Nonetheless, we threw down in that space. We often had bands who were performing at Great American, Regency, Cafe Du Nord, Civic, Mezzanine perform little set parties for after parties. We threw some of the most epic “Mistletoe Mistakes and Memories” Christmas parties. We had ice sculptures, axes, pigs heads, Michelin star chefs, DJs, bands, all sorts of cocktailing from TrickDog, BonVivants, etc. So actually, not that dissimilar from our annual standard MMM soirees. It was a great place with a lot of memories for me. I will never miss the elevator that broke down at least 50 times with people in it, clients included. The disgusting scent of bar wash from the bar below us and the lovely scent of weed growing above us. Our craft was as raw and unapologetic as the space itself. But it was time to grow up.

99 Green Street

In 2014, we upgraded to 99 Green Street. We thought this space was going to be our home! It was perfect for us. And then we outgrew it and realized we were changing the way we worked and there just wasn’t enough private space. It has one conference room. It was also on the ground floor, which made it super fun to be spotlit on the corner with all the Jackson Square folks walking by at lunch or on their daily commutes. It was a great neighborhood too, very close to The Battery who became a client and the owners, good friends. We learned a lot about ourselves at 99 Green Street. I remember the ONE conference room being used to work partner issues out, which usually ended with screaming and the entire office feeling awkward for the rest of the day. That wasn’t good. So we moved out and up.

432 Clay Street

We moved into 432 Clay Street in 2016. Our own 9,000 sqft standalone building, next to the TransAmerica building near Jackson Square. It was our first office that we actually built out the way we wanted to work. It was a difficult search. We looked at 30 properties before we landed here. We negotiated $140k in rent credit to build out the space. Like all our offices before, I said to myself, ‘this is our space, this is our home.’ I thought we were set. We would never have to change or find another space ever again. But looking back, each time I said this to myself, I was wrong.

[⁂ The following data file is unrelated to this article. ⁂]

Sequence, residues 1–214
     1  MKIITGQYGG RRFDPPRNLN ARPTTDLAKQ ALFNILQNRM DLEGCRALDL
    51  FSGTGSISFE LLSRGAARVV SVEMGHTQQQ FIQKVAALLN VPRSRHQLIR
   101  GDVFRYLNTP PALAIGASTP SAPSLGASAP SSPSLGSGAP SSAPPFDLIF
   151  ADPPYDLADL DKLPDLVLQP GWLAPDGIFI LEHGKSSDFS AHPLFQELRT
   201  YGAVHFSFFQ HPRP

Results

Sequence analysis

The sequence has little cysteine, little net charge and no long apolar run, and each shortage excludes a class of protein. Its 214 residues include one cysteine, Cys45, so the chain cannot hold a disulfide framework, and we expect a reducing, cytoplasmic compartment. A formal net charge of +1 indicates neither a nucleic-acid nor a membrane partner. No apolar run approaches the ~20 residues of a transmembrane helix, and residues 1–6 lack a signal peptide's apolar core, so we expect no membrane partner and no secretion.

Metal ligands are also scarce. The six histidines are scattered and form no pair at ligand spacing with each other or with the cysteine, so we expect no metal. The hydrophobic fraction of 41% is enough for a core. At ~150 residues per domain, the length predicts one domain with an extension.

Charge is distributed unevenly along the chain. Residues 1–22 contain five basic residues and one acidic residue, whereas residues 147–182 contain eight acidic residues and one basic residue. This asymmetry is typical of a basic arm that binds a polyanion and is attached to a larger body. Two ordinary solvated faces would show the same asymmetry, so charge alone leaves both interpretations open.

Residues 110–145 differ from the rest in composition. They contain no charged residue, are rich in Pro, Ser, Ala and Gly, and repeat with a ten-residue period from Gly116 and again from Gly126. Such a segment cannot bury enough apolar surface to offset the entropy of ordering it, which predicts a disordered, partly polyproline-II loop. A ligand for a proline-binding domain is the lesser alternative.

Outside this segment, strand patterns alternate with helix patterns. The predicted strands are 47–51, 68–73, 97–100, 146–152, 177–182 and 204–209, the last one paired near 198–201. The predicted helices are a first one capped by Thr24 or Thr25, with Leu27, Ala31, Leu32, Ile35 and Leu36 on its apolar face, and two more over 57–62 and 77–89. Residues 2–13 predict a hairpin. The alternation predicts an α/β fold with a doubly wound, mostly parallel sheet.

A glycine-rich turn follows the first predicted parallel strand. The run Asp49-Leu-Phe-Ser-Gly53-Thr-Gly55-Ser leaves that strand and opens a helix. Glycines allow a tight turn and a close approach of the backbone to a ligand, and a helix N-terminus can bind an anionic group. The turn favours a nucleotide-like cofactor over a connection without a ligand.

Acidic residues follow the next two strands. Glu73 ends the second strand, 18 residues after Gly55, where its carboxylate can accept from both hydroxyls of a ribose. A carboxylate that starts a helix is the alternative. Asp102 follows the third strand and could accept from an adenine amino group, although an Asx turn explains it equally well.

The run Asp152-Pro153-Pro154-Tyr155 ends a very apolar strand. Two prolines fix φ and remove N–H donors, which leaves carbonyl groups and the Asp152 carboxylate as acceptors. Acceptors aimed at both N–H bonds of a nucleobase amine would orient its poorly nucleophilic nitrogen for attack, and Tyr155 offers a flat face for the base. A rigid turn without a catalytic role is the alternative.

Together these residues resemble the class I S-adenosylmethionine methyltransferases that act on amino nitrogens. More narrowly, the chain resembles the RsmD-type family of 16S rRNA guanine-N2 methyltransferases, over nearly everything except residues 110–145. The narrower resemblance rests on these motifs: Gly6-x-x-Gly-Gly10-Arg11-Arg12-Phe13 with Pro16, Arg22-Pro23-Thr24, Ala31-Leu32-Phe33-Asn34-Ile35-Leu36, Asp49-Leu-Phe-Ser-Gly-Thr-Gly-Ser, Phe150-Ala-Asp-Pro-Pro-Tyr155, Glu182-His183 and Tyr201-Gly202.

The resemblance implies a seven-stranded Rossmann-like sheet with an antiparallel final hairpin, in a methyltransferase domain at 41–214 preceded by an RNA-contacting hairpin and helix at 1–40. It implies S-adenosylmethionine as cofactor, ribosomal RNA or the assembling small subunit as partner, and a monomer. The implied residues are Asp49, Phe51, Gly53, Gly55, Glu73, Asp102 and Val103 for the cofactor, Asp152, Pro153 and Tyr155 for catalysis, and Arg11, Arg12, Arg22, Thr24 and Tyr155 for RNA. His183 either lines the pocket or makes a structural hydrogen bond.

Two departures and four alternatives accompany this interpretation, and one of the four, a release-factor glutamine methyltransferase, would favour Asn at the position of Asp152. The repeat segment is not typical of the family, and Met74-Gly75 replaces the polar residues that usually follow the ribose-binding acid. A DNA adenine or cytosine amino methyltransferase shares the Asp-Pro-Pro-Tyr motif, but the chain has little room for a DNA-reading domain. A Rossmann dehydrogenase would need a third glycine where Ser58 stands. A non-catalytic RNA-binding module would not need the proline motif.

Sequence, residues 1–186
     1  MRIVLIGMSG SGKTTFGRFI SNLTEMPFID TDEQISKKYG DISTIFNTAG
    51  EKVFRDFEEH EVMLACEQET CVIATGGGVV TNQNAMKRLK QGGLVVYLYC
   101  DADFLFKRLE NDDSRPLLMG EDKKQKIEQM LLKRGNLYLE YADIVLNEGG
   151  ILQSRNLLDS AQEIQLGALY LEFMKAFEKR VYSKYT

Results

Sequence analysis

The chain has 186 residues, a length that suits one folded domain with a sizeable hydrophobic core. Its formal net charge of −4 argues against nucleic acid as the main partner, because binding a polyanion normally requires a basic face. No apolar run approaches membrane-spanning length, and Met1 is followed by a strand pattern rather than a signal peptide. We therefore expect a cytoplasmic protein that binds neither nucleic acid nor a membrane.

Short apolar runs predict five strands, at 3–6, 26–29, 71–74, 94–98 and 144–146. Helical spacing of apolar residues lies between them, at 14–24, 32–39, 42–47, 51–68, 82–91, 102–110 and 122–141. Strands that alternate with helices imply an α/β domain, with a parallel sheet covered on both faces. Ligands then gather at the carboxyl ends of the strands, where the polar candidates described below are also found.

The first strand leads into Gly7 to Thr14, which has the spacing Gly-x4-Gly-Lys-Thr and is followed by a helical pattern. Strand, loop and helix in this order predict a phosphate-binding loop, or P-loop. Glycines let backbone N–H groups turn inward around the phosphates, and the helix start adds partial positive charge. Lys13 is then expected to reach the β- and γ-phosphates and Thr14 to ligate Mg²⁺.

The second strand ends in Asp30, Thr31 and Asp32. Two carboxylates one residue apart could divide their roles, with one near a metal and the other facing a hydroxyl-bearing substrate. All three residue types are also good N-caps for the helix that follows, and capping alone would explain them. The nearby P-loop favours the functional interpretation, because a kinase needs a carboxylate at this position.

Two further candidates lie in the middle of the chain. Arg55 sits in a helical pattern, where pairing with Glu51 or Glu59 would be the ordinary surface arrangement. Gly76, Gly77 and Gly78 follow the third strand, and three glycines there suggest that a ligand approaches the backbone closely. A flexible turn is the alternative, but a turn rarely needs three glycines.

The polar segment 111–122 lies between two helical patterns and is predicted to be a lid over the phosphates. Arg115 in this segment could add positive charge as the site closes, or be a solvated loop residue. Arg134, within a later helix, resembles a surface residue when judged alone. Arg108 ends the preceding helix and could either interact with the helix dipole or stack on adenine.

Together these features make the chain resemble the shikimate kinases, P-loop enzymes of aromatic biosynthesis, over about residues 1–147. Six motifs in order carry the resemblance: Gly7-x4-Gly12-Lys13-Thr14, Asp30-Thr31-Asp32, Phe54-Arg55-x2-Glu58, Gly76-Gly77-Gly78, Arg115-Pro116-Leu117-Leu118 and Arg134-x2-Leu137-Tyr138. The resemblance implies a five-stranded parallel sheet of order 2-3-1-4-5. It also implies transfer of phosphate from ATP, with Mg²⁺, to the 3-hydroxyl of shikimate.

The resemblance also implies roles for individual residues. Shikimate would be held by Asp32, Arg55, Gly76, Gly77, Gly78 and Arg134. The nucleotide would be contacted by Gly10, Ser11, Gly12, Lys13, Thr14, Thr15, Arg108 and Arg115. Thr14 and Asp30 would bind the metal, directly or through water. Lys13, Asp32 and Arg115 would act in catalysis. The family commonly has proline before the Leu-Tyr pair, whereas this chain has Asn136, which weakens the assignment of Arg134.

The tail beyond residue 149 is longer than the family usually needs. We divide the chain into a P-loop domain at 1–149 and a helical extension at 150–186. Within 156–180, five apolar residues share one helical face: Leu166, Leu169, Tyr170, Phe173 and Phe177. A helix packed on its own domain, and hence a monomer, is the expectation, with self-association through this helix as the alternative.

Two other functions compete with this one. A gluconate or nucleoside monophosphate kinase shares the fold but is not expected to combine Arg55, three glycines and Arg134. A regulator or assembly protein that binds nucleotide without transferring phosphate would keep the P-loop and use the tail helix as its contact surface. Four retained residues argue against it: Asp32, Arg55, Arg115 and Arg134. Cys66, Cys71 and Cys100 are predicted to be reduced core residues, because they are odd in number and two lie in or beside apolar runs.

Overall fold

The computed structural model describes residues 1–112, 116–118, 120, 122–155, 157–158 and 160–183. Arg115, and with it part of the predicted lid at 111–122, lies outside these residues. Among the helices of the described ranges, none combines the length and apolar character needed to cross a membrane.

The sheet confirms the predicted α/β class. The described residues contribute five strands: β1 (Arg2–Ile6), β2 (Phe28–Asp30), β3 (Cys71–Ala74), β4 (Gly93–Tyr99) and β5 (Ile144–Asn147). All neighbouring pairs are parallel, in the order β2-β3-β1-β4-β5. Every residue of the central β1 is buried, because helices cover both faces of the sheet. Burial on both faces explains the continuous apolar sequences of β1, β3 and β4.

432 Clay Street was the most important and memorable space to me. It was quite an accomplishment to be able to create a space that felt cultural, comfortable, flexible, customizable, and enjoyable. It really did us good over the last four and a half years. If you can believe it, it’s been that long. All the friends, guests, events, crew and clients. It really was a place to envy. Our own little piece of San Francisco. 

I will miss the echo of the door opening and closing when people either arrived or left. I will miss our dichroic windows at all hours of the day. I will miss the evolution of our space over the years and how we became more polished and professional. I will miss the lunch table in the kitchen and seeing everyone take a break in the day. But most of all, I will miss staring out over the desks at moments, and thinking to myself, how proud I was of our company. Sometimes a space, like a home, can do that. I loved being there early and staying late with many of you. Some of my fondest memories were ordering food for everyone who was there around the dinner hour. But it really was the people. All of my crew. That is what makes it so great regardless of this space or that space. Every office that I’ve ever had, came to end, and a new beginning revealed itself. 

So here we are in 2020. If you believe in history, then you know that this is a new beginning, not a chapter ending. I can’t wait to journey through what’s next for our business and crew at Butchershop. We have lots of ideas of what the future might look like, but for now, let’s appreciate the space we had. Let’s adore the memories. Most importantly, let’s appreciate the space we created, which we can take anywhere we want.

Published:

Fall 2020